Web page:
Last summer, digging through 3.5m of riverside mud at Greenwich in London, archaeologists uncovered the remains of a huge timber watermill of the 12th century. The wheel, part of which survived, would have been more than 5m across. We report on an extraordinary example of Medieval engineering for industrial-scale production.
The remains were a long way down. Contractors, Erith Ltd, were preparing the ground for a new residential development at Greenwich Wharf, and needed to dig deep through layers of waterlogged silt, clay, and peat to build a firm foundation. Museum of London archaeologists were on hand, to monitor the work with the power to intervene and investigate if something turned up. They were especially concerned about the peat at the lowest level: this might contain preserved prehistoric wood. Instead, the big discovery was sitting within and on top of the peat on a thick bed of chalk rubble.
Two things were immediately apparent: first, the preservation was superb; and second, the timbers of whatever this structure was were absolutely massive. There was soon a team of eight people on site, and it took around 12 weeks in the late summer of 2008 to expose, record, and lift the remains of what we now know was an early Medieval tide mill.
The mill measured over 10m by 10m in plan, and was constructed largely from prepared oak beams, the thickest of them 0.6m by 0.3m across. The lower superstructure of the headrace, the wheel-pit, and part of the tailrace were represented. The constructional details of these base plates were well preserved and, in many cases, the joint detail of each timber has also survived. It appears the upper superstructure had been carefully removed for reuse during the Medieval period as there was no evidence of burning or broken joints, with little damage to the timbers left to archaeology.
Intricate details of the Medieval carpentry could be seen. A central cofferdam wall of oak piles had been constructed, to one side of which was attached a series of oak boards, each individually numbered by the millwrights during assembly. Tusk-and-tenon joints had been used to create a cradle, pinning the foundation piles to the base-plates of the mill superstructure. The range of carpenters’ marks and the variety of well-cut joints gave the impression of a gigantic kit of prefabricated and numbered timbers brought to the site and assembled in situ. Yet, according to London timber specialist Damian Goodburn, there was not a single piece of sawn timber in the entire structure: everything had been cut by axe.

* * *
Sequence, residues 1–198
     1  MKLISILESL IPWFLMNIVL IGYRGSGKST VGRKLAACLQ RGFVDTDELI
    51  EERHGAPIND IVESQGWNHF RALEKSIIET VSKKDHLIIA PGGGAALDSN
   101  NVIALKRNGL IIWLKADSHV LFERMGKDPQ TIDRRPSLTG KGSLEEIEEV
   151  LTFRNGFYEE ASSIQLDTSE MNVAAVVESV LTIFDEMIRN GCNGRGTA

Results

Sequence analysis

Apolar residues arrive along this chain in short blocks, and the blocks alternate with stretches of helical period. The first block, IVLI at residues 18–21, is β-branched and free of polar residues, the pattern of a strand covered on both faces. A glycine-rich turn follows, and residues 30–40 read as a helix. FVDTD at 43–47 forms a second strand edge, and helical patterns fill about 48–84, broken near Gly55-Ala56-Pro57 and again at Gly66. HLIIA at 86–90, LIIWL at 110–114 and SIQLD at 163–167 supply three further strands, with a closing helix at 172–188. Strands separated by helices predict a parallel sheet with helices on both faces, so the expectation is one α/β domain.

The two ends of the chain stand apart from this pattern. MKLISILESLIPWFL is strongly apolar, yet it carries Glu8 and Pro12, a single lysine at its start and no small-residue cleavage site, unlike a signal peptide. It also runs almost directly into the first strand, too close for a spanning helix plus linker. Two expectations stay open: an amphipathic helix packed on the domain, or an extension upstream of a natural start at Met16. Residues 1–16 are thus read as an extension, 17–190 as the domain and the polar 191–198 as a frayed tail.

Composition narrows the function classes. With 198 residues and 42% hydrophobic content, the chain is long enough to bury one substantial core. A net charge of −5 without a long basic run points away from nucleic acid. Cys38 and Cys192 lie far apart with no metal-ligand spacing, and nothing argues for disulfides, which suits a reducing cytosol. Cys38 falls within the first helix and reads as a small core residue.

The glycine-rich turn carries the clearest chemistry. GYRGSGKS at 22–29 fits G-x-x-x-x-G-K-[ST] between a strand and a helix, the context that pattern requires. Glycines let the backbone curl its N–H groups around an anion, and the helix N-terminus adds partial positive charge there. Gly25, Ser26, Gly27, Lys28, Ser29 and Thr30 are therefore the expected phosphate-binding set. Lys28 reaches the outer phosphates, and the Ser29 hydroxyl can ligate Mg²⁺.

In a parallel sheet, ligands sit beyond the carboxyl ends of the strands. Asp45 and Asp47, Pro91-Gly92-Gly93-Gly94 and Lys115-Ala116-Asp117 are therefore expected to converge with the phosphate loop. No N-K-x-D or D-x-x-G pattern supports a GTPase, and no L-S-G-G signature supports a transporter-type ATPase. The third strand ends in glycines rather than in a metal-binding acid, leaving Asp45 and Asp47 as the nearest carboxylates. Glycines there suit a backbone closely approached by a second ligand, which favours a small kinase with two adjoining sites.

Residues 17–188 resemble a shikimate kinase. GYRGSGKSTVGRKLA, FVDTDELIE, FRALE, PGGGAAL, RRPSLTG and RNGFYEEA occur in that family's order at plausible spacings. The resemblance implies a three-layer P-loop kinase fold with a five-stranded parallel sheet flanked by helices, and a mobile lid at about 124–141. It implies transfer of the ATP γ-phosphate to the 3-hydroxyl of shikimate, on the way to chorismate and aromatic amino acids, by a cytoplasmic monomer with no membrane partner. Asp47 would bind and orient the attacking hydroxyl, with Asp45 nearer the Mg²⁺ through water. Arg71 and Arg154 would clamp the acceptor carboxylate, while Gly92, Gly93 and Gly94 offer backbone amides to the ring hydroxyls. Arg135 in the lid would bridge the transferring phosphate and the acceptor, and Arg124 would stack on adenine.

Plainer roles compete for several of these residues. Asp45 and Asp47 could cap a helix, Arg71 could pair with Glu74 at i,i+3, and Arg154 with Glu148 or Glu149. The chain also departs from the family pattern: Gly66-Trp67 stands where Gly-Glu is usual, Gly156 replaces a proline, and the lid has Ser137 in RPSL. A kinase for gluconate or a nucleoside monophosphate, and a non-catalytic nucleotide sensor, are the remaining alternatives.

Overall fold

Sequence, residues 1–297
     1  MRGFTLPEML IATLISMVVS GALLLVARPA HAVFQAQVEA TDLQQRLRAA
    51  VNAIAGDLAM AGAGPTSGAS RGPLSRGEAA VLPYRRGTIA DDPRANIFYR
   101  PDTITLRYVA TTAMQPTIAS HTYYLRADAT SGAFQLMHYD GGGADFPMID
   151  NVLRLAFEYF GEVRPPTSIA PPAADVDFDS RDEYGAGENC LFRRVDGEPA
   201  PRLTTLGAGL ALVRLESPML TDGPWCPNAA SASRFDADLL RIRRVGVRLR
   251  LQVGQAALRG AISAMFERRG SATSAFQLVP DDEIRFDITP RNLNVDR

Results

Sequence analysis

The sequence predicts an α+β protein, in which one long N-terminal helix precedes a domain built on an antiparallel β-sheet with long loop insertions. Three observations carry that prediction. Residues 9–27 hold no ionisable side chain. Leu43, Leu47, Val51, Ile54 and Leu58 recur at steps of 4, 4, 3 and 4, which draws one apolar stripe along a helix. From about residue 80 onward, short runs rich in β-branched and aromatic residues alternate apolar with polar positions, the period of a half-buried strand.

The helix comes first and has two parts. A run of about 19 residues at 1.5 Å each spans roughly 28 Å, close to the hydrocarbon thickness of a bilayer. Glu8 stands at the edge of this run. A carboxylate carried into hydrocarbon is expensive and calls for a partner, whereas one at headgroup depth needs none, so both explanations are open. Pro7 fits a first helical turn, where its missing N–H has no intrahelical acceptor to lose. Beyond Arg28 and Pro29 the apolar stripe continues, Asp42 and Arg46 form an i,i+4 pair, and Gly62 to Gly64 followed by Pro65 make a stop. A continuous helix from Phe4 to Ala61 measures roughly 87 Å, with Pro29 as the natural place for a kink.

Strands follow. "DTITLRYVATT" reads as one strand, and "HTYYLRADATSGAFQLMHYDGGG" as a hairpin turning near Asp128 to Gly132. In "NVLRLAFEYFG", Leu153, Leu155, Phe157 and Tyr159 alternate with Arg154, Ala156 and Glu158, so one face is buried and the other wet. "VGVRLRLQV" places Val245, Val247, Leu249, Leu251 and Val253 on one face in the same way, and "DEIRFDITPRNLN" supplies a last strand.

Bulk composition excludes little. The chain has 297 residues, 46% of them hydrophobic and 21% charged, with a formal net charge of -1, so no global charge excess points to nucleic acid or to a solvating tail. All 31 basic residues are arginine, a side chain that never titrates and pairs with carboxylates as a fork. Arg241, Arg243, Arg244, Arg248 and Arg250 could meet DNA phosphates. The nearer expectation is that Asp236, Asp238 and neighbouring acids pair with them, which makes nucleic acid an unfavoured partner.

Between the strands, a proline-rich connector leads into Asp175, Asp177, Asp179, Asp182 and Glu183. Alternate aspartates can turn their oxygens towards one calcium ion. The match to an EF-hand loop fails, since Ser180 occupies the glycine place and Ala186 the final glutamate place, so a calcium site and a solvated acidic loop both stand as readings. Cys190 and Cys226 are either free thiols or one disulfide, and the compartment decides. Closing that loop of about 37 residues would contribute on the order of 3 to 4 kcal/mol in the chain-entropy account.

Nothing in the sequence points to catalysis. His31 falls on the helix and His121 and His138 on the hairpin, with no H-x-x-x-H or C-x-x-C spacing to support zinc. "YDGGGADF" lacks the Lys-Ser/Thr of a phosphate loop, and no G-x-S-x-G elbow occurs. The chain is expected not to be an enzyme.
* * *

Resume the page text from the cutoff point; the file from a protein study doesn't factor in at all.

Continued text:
Massive oak piles and base-plates had been necessary to anchor the superstructure on the wet ground at the river’s edge, with the piles forming a cofferdam against shifting sediments: for the working parts were heavyweight, and the rotations of the mill’s water-powered grinding mechanism would have imposed huge strains on the timber framework and its moorings. This was Medieval woodworking on a monumental scale.
The most spectacular discovery was a large section of the waterwheel, complete with paddles or ‘floats’, each one held in place by wooden starts, or pegs, driven through holes in the wheel and jammed in place with wedges. There were also the remains of spokes and clasps, used to reinforce the wheel. Ancient technology expert Bob Spain has estimated that the complete wheel must have measured 5.1m in diameter and comprised 12 radial spokes and 60 paddles. The paddles seemed designed for easy replacement — they probably broke quite often — and this quick system of repair suggests the mill was used as a commercial, rather than a private, concern. Remains of a wattle hurdle were found in the headrace, presumably intended to catch large, heavy objects liable to damage the wheel.
The wheel fragment was found inside a long dugout timber trough, which had a large flat piece of sloped timber for channeling water down from the headrace onto the paddles. The trough, exceptionally well-preserved and tightly secured in position, was 6m long; it had to be cut in two during excavation to fit inside the York Archaeological Trust’s freeze-dryer, pending conservation.
Why did they leave the wheel when they dismantled the superstructure? A possibility is that it broke in situ. The wheel seems to have been strengthened at some point with timber clasps, perhaps to keep it true, perhaps to prevent it breaking, and this may be evidence of its fragility. Whatever the reason for its survival, it is a nationally unique discovery, being the only example of an Early Medieval waterwheel known.
The full article is published in Current Archaeology 236.